Project title: Concepts of tiredness and sleep in ancient Egypt.
Supervisors: Prof. Dr. Ursula Verhoeven-van Elsbergen, Prof. Dr. Doris Prechel
The occurring feeling of tiredness, the transition into a condition of sleep, and the re-awakening are daily bodily experiences and essential for a healthy living. These highly complex processes result in decreasing pupils and a slower heart rate. Even today's medicine cannot come up with a cohesive explanation for these body reactions that make up for a huge part of our lives. However, there have always been plenty of different explanations and interpretations. Even a short cross-cultural view of the topic shows multiple adaptations in areas such as religion (e.g. similarity of a dead and a sleeping body, "resurrection") and literature (sleep as element to evoke vulnerability, see the motif of "sleep" in horror film genre).
Sleep in ancient Egypt
The following doctoral study aims at examining the different ancient Egyptian interpretations/explanations for tiredness, sleep and awakening, eliciting the concepts behind and comparing them to other cultures. The ancient Egyptian sources can be divided into three categories: archaeological remains such as beds, headrests and sleeping places and their representations; flat images and statuary depictions of tired or sleeping human beings, animals or gods; and last but not least written sources.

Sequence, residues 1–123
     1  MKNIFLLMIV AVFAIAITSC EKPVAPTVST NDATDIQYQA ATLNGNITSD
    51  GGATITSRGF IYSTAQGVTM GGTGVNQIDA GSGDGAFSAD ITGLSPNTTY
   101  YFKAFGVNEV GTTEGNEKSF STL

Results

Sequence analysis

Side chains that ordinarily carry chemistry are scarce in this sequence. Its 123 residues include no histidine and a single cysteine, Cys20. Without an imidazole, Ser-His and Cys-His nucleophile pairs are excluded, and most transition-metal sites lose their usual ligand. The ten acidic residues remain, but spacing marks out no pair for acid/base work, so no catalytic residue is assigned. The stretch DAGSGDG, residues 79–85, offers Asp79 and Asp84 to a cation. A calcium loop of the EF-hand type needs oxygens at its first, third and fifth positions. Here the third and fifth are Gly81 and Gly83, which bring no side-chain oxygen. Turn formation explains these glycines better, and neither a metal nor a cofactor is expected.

Key questions are:
- How did the ancient Egyptians explained tiredness, sleep and awakening?
- What micro- (e.g. place to sleep) and macro-ecological (e.g. day rhythm) factors affected tiredness, sleep and awakening?
- How did the ancient Egyptians express tiredness, sleep and awakening?
- What feelings, emotions and fears did the Egyptians associate with tiredness, sleep and awakening?
- How were tiredness, sleep and awakening mentioned and considered in the context of medicine/magic/religion?
- What aspects of tiredness, sleep, and awakening have been associated with deities, demons, and deceased?
- How did deities, demons and deceased influence sleeping behavior (e.g. in dreams)?
- Did the divine and human sleep cycle differ from each other?
- How were tiredness, sleep and awakening metaphorically used (as source and target domains)?
In order to take the different research questions into account as well as the heterogeneous sources, a multimodal approach is pursued. Among other things, cultural semiotics, conceptual metaphor theory, prototype theory and aspects of word field analysis are used. The historical period that was chosen for this examination stretches from the Old Kingdom to the beginning of the Roman period (2800 B.C. until 30 B.C).
The dissertation was submitted in spring 2020 and defended in July 2020.